A children's rights group has welcomed the suspension of former South African tennis great Bob Hewitt from the International Tennis Hall of Fame.
"WMACA [Women and Men Against Child Abuse] applauds the Hall of Fame whose decision reflects that children's rights must be protected at all times," spokesperson Luke Lamprecht said on Friday.
Hall of Fame CEO Mark Stenning told The Associated Press (AP) the hall's executive committee voted unanimously on Wednesday to indefinitely suspend Hewitt.
An outside investigation deemed credible the allegations of a number of women who claimed Hewitt, 72, abused them as underage girls while he was coaching them decades ago.
AP reported that Hewitt's plaque in the enshrinement hall and other references to him at the hall, and on the hall's website, were removed on Thursday.
The Weekend Post, in the Eastern Cape, has reported that Hewitt has also been suspended by the South Africa Sports and Arts Hall of Fame (SASAHF).
"We have followed the [International Tennis Hall of Fame] model in this case," SASAHF general manager Ryan McGee told the newspaper.
"He has been indefinitely suspended, which effectively removes him from the hall, but he has not been expelled. This is because Hewitt has not been convicted of any of the accusations levelled against him."
McGee said Hewitt was the first sportsperson to be suspended by the organisation.
"We will monitor any developments in this issue. A permanent removal from the hall will be considered if there are any developments in terms of a prosecution against Hewitt."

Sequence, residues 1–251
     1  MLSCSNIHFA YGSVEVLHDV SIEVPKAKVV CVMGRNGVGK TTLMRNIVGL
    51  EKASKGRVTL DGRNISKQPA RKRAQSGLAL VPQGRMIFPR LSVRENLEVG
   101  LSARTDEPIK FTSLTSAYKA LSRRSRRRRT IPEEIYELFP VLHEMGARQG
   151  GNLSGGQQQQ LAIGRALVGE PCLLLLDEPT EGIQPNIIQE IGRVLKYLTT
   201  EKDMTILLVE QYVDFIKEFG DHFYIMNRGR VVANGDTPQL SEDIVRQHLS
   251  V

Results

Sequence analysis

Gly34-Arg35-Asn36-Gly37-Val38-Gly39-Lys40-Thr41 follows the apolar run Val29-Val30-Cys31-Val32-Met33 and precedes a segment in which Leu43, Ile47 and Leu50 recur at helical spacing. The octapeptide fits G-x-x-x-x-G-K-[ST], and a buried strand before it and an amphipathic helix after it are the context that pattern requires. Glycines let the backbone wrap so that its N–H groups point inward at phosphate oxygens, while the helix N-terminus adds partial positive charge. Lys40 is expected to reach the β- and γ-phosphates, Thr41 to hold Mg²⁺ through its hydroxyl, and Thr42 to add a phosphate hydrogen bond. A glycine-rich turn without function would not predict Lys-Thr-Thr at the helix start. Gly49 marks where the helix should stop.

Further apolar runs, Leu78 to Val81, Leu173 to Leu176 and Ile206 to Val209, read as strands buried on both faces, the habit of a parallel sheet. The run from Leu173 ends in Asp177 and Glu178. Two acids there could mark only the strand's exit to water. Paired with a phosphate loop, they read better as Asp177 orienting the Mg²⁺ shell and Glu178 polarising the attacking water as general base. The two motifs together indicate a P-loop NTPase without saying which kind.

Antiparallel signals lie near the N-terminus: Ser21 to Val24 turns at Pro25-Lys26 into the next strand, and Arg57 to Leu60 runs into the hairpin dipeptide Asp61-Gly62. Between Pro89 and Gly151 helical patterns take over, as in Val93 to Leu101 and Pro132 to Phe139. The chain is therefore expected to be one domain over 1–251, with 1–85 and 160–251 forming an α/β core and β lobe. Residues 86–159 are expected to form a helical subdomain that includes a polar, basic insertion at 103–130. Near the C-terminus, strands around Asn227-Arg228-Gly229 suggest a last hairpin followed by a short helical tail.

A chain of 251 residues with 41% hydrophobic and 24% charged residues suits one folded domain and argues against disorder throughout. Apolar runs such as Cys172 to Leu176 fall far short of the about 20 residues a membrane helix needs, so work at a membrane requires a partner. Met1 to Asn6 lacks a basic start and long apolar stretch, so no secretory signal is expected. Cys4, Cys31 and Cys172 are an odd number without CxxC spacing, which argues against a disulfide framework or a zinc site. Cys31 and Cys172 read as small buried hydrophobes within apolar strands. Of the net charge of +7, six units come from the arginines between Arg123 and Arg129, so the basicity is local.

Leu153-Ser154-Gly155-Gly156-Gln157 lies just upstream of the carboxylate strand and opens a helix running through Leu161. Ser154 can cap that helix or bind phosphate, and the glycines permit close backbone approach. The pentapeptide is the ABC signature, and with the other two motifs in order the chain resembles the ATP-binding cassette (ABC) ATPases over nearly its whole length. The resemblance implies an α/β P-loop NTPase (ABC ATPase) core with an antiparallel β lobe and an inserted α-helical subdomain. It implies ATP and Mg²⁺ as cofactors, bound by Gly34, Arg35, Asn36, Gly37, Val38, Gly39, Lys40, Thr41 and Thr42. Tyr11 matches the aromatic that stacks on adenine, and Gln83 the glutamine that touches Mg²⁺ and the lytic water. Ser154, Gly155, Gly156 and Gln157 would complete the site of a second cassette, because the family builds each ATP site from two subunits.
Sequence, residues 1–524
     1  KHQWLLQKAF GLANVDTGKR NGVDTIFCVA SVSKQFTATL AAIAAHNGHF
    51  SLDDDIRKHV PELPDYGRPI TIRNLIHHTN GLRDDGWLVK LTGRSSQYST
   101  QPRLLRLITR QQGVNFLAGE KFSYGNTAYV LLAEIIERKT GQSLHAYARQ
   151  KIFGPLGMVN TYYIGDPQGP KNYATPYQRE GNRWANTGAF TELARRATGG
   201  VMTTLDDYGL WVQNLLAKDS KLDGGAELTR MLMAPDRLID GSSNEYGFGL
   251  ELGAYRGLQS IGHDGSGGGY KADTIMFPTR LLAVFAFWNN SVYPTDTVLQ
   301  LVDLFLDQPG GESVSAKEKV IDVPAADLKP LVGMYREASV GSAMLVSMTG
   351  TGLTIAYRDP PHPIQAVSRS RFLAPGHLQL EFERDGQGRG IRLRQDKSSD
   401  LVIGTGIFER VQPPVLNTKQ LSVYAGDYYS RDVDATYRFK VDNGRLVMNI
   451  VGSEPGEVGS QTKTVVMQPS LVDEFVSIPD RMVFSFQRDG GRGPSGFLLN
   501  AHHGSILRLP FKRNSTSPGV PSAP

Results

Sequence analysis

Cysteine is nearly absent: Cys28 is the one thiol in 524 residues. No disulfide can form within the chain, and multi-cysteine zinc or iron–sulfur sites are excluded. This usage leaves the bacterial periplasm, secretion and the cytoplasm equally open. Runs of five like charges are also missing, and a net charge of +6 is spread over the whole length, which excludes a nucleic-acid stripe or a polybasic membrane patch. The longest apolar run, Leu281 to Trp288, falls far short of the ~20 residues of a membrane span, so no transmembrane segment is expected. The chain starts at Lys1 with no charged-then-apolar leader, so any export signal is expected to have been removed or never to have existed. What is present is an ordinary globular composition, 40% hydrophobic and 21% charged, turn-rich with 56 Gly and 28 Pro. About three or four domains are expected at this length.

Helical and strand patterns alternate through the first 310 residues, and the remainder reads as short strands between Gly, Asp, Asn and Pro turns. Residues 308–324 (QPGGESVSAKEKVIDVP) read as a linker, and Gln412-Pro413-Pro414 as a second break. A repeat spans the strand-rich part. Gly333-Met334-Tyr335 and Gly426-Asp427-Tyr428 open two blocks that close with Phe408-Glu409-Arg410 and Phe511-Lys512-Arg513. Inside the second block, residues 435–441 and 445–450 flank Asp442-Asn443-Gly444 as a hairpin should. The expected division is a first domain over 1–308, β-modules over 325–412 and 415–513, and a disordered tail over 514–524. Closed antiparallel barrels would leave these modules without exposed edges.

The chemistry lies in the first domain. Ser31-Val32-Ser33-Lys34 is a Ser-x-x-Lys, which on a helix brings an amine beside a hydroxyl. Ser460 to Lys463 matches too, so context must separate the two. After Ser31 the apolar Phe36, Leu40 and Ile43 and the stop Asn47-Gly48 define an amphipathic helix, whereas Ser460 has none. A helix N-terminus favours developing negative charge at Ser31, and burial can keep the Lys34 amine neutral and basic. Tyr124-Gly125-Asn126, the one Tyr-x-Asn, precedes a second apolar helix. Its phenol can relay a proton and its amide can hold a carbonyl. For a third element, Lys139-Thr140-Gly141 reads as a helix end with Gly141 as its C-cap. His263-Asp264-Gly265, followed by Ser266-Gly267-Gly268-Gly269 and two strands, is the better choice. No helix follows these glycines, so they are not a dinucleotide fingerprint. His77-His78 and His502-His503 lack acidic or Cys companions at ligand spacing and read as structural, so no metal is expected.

Hewitt's legal representative, Lunen Meyer, told the Weekend Post he was aware of the Hall of Fame decision. He had yet to consult with his client, who is now 72 and lives in Addo.
"What I can tell you though, is that we will be exploring all options and avenues to have this decision overturned."
It was reported in July that the international Hall of Fame would investigate allegations against Hewitt, who was inducted in 1992, after six women publicly identified themselves as his alleged victims.
"His legacy ceases to exist in the Hall of Fame," Stenning said in his statement on Friday.
The Hall of Fame had stopped short of expelling Hewitt, as he has not been convicted of a crime.
The WMACA demanded that the National Prosecuting Authority (NPA) immediately act on the charges levelled against Hewitt. The women opened cases against him 16 months ago.
"Hewitt is finally being held accountable by his sports contemporaries for his actions, and for the lifelong damaging effect, and robbing young girls of their innocence," Lamprecht said.
Suellen Sheehan, who publicly accused Hewitt of raping her as a nine-year-old, said she had been liberated by the Hall of Fame's decision.
Decades of inaction
"This is an awesome day, the liberation I feel right now from something that happened to me 30 years ago is indescribable, and the emotion is overwhelming," Sheehan told the WMACA on Thursday.
She told the Weekend Post that the police had contacted her and asked if she wanted the investigation to continue.
"I said yes, I certainly do want it to be completed. The police placed a notice in a Durban newspaper requesting people with information to come forward. I support this and hope this will happen."
Lamprecht said Hewitt's ousting ended decades of inaction by the international tennis community, particularly in South Africa.
According to Lamprecht, officials acknowledged that they had been informed long ago of the allegations against Hewitt.
"We eagerly await feedback from the police and NPA with regard to progress, following the Hall of Fame's decision," he said. Sapa